As many of my friends will tell you, I am not technical. When it comes to cars, I know where to put the diesel and the screen wash and that’s it.
For years I was convinced that my ancient word processor had no need to be replaced by one of those computers about which everyone was getting so excited. Of course, I eventually gave in. For years my original Nokia mobile phone served me well. It had survived a horrendous car crash and took photos of the wreckage afterwards so certainly justified my loyalty. Despite having been given a state-of-the-art Blackberry by some Asian friends, it sat in its box for 11 months despite the fact that Stuart Pearson had actually managed to load my SIM card in it at Crufts, but so confused was I by the complexities of the new toy I returned to the reassuring world of my uncomplicated antique... until a dinner date with a totally committed Blackberrophile persuaded me to wrestle with my Thai gift. I remember the sense of wonderment and disbelief expressed by Stuart Baillie when he received that first email from me which ended with the words ‘sent from my Blackberry’.
Now my technical inadequacies have been further challenged by those generous friends who at my 60th birthday party presented me with an iPad, a gift I might add that initially terrified me. However I eventually plucked up the courage to explore the latest piece of kit to blow my mind. It took a good hour to work out where I had to insert the SIM card and how I opened its aperture. Then I wandered like a lamb to the slaughter through the setting up of an O2 account, the advisability of which I still need to check out with one of my more geeky friends.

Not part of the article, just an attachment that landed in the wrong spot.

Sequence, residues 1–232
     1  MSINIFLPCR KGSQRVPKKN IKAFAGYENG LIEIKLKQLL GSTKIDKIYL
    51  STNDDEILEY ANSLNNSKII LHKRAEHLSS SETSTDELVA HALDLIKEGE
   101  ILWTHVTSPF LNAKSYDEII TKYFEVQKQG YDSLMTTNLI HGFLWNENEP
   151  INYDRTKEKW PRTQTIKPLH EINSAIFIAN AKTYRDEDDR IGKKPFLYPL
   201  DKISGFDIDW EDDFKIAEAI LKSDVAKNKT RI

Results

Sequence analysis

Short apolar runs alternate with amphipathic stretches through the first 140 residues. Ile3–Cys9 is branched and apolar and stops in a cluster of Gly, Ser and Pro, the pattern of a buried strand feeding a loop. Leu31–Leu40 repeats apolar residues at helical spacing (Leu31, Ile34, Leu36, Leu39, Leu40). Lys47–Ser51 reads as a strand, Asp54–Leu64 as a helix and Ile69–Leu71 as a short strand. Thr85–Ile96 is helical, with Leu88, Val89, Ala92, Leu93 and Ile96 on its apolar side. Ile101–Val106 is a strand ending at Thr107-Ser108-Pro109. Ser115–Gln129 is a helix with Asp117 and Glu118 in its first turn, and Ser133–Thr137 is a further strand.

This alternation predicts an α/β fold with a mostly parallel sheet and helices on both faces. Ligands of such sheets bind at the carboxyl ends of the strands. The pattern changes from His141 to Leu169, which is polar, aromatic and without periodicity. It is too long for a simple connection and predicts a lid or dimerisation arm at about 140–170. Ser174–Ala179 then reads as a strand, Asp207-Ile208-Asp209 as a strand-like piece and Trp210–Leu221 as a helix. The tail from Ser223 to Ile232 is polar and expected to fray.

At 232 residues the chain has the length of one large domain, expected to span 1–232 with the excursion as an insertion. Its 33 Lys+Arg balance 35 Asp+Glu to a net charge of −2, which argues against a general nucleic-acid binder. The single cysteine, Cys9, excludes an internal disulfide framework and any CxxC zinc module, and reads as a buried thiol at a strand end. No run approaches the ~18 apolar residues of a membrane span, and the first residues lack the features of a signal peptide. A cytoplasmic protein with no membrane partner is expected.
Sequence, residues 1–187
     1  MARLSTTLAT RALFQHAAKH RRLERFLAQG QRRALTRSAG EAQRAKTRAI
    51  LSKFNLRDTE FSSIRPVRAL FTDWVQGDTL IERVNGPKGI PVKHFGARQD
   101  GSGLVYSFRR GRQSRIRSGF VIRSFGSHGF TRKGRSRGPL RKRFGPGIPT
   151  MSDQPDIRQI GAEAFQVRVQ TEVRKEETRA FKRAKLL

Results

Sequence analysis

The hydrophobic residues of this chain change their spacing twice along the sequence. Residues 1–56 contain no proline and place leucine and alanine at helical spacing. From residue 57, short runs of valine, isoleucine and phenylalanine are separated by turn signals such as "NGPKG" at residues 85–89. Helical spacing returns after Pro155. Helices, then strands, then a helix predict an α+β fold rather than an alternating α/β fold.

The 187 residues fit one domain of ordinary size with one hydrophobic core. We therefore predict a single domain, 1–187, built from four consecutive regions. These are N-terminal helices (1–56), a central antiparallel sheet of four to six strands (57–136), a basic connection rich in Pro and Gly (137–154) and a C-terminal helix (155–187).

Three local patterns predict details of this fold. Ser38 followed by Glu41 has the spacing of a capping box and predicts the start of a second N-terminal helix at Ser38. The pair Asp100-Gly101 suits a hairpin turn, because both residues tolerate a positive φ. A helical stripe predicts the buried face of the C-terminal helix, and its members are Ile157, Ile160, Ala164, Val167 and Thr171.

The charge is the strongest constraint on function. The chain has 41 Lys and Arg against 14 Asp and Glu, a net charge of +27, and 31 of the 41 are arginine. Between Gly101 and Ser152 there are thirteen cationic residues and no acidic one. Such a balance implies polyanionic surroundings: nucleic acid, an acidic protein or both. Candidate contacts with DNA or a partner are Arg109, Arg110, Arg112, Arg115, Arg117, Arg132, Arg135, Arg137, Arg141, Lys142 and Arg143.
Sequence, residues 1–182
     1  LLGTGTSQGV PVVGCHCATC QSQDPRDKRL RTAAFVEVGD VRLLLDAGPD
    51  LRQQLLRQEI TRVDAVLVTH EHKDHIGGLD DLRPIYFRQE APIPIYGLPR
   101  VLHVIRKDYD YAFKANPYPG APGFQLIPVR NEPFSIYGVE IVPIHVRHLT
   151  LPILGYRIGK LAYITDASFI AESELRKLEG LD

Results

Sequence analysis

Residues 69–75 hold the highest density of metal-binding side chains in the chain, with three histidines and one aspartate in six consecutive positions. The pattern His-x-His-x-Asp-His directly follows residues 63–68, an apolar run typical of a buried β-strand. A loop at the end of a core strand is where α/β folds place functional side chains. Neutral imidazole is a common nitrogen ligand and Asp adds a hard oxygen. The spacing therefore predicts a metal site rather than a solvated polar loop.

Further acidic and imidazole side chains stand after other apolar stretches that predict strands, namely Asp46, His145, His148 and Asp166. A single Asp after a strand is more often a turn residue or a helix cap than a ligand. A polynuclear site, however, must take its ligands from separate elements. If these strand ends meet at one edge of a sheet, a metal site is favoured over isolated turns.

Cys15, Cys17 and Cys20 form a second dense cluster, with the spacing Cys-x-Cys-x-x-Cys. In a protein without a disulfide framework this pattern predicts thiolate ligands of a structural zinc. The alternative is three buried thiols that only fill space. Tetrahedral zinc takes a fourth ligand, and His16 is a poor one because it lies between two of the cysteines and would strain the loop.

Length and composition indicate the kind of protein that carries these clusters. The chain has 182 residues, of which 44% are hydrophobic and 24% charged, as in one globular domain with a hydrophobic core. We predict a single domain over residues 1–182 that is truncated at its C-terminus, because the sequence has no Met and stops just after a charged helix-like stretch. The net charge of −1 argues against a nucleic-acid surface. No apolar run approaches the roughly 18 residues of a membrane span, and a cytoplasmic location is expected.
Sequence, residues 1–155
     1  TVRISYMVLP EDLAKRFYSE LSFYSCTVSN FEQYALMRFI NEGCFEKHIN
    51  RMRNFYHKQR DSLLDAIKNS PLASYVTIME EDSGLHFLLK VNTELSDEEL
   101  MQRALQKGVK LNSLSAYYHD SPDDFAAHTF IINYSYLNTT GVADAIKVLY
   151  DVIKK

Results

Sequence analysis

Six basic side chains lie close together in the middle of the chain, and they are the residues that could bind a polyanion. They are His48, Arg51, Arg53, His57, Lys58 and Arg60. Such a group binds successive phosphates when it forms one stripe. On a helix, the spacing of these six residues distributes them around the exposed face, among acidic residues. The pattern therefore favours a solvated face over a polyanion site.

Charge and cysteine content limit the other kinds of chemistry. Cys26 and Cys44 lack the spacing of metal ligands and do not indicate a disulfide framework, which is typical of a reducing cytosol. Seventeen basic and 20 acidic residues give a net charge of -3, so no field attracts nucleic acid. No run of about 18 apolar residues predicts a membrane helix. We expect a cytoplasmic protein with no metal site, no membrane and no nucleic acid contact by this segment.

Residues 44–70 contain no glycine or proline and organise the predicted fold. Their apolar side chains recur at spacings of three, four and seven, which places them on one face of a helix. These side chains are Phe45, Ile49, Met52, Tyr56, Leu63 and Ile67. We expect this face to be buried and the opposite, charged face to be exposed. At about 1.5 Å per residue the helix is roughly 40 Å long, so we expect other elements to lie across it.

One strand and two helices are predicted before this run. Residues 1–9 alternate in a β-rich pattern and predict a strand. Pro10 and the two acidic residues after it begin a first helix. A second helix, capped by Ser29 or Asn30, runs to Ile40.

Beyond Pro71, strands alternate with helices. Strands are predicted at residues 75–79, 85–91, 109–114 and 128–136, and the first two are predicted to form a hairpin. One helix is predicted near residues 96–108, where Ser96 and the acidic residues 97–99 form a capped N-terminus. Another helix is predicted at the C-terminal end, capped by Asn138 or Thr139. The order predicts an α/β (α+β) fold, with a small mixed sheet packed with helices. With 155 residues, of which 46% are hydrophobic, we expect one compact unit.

Slowly I worked out how to load photographs via iTunes and eventually Skype and Facebook icons appeared on my screen. The basic notes facility enabled me to type critiques in the ring, thus saving hours.
Then I downloaded the DOG WORLD app which took a minute or two and it amazes me how, every Wednesday afternoon, the current week’s issue finds its way to my cyber news stand and can be read, page by page, so effortlessly and clearly.
When I was looking for the DOG WORLD application I obviously detoured for a while in the app store I previously hadn’t realised existed, marvelling at the various wizardry that is now routinely available to anyone.
One I noticed was called SatNav2. To date I have refused to have one of these bossy route finders installed in my car as I love old fashioned maps and the quest of finding a new destination. I also know my tolerance level so well that I realise if Joanna Lumley started screaming at me to turn left when I instinctively knew I should be going right, I would soon end up hurling the little gizmo through the window. HOWEVER, I noticed that SatNav2 (which could be procured for the princely sum of £1.49) came with an option to have Stephen Fry’s voice. That was my deal breaker. I am a huge admirer of Mr Fry’s wit and wisdom and could listen to his velvety voice reading the telephone directory. Thus I joined the satnav set and, having done so, Stephen (I feel we are now on first name terms) and I took our maiden voyage.
I could probably now find my way to the Russ Hill Hotel at Gatwick blindfolded – not that I would risk putting that assumption to the test – and hardly needed verbal directions, but I needed to see if my recent investment actually worked. So Stephen and I set off for Gatwick on a Tuesday afternoon. I was flying to Split very early on Wednesday morning for the now-famous night shows. I wasn’t judging this year but had offered to help Ante Lucin look after his judges at the lovely Villa Dvor Hotel, such a good time did Steve Barrett and I have there last year.